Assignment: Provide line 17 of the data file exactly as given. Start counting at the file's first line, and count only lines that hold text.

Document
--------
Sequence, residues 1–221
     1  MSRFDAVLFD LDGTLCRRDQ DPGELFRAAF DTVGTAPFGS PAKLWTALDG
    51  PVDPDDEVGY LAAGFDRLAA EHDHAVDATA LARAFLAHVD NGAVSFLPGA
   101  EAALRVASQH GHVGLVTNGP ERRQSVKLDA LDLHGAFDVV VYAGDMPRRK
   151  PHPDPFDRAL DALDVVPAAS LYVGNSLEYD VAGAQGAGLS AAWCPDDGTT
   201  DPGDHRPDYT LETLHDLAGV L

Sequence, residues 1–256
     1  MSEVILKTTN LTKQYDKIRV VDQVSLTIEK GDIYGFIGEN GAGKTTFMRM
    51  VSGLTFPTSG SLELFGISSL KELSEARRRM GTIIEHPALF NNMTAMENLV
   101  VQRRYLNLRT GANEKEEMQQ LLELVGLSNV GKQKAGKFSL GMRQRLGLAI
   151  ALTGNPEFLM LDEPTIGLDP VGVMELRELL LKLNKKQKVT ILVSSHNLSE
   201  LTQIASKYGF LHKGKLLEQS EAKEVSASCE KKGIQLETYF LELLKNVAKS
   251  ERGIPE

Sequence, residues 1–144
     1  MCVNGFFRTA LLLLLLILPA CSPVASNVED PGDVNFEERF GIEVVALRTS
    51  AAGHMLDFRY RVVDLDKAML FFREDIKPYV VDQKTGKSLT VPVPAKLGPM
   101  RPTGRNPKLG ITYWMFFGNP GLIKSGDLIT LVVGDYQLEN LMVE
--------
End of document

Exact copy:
   101  RPTGRNPKLG ITYWMFFGNP GLIKSGDLIT LVVGDYQLEN LMVE